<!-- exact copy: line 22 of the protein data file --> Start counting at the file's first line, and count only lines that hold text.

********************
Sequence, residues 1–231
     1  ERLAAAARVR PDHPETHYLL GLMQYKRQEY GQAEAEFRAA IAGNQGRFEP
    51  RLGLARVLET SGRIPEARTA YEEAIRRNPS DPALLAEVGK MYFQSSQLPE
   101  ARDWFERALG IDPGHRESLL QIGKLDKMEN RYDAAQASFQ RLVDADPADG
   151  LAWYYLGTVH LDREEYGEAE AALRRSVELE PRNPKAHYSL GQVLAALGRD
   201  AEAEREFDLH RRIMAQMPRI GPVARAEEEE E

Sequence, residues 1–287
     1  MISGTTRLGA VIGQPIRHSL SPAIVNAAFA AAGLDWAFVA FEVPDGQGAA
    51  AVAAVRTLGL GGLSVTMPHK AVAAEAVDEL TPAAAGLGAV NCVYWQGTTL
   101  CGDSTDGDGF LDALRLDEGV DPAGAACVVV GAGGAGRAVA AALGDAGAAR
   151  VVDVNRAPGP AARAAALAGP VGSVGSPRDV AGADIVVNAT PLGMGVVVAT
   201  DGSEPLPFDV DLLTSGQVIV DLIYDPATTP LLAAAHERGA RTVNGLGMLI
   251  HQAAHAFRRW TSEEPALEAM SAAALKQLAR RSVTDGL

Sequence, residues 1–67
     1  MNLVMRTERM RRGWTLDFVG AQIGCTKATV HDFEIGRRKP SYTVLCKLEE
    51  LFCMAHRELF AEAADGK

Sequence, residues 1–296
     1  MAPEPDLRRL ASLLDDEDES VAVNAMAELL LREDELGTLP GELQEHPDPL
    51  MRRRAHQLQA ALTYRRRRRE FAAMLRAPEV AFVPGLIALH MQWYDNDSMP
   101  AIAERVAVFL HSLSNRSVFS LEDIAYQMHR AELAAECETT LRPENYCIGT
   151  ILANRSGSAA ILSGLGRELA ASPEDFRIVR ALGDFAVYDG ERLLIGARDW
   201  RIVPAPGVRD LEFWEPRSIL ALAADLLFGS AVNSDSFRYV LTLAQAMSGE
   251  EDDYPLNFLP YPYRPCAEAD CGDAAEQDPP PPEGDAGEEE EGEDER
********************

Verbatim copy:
   201  RIVPAPGVRD LEFWEPRSIL ALAADLLFGS AVNSDSFRYV LTLAQAMSGE